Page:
Art Projects

PLACE to go

Equal parts lounge chair, jungle gym and bench, this lime and black sculpture in Westlake Park has room for everyone. Built by local architecture, art and urban design studio PLACE, the piece is shaped by more than 1,100 precisely cut wooden posts. Its surface is airy and inviting while the posts are tightly grouped to prevent stray feet or hands from getting wedged. Its open design means visitors can enjoy lunch while kids tumble across its gentle swells with room leftover for friends to catch up or tourists to rest weary feet. By stimulating activity and interaction, art brings more people and life into the parks and enriches downtown.

This installation’s placement is part of an effort to extend the impact of Seattle’s Design Festival. PLACE to go will remain in Westlake Park until Nov. 10. In 2018, DSA hopes to house festival installations at other sites in addition to Occidental Square and Westlake Park.

Contact Info

General Park Info:

Jennifer Casillas, VP, Public Space Operations & Events
206-613-3225
parks@downtownseattle.org

Sponsorships:

Lindsay Clarke, Senior Manager, Sponsorships
206-613-3213
lindsayc@downtownseattle.org

Art and Public Space projects:

Seth Geiser, Manager, Urban Planning & Design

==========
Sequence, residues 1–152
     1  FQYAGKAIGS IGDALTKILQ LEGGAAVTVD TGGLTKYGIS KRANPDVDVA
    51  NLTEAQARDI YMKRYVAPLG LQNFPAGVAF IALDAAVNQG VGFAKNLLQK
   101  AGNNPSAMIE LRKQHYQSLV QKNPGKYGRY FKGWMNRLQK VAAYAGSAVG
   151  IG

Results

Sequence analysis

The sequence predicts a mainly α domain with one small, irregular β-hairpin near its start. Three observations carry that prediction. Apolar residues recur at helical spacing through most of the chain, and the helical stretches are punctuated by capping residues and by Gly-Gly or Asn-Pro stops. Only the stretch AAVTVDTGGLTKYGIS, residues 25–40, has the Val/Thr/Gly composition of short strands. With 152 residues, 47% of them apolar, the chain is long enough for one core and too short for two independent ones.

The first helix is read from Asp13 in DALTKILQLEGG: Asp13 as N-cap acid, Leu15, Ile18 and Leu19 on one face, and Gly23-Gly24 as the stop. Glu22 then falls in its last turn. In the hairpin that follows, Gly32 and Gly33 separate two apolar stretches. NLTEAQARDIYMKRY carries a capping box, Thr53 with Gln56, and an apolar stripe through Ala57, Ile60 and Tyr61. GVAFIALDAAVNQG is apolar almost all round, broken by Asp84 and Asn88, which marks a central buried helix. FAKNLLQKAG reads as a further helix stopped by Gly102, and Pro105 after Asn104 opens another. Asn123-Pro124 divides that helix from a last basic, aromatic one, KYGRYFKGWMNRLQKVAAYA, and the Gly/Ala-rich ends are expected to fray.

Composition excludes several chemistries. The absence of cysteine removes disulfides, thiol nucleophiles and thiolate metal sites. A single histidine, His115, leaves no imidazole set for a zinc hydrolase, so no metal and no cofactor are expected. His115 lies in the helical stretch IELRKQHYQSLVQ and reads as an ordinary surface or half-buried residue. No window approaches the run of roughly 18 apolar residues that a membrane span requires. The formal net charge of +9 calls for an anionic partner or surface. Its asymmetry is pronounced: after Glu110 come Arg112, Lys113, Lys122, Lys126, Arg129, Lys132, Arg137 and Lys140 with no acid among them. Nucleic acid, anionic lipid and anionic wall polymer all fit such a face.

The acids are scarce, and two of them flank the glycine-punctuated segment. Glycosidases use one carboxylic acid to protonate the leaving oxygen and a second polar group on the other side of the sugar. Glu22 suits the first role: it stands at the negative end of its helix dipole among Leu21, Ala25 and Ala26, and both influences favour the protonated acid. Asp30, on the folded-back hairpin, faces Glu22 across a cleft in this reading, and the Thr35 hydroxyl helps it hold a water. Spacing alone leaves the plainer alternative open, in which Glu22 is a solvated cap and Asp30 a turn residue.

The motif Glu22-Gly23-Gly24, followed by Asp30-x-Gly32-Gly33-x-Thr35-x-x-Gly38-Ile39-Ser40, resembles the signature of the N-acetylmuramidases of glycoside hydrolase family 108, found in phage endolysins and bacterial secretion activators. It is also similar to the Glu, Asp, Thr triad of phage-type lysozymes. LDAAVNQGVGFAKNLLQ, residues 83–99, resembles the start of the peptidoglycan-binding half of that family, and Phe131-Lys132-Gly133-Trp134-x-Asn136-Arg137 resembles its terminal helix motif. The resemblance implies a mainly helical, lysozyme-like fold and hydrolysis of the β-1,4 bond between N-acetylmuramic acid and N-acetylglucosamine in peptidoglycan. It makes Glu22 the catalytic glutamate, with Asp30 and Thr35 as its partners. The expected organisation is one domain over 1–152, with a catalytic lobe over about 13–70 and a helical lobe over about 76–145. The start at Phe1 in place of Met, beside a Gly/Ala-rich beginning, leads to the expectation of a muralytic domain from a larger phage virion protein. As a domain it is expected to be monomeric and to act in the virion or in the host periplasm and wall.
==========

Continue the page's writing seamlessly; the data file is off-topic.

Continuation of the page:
206-613-3916
sethg@downtownseattle.org

Park Rules

The Seattle Municipal Code prohibits:

  • Placing any structure or obstruction in the park without a permit
  • Dogs or other pets that are not leashed; person with dog must carry and use equipment for removing feces.
  • Sale of merchandise without a permit
  • Amplified sound without a permit.
  • Camping
  • Liquor (open or closed container)
  • Littering
  • Skateboarding, roller-skating
  • Illegal gambling
  • Urinating or defecating

Parks Code of Conduct (enforceable under SMC 18.12.040) prohibits:

  • Depriving others of their use or enjoyment of the park
  • No smoking
  • Unattended items
  • Creating a risk of harm to any person or property
  • Obstructing pedestrian traffic; interfering with the provision of services or the use of park property
  • Disrupting Parks and Recreation activities.
  • Abusive or harassing behavior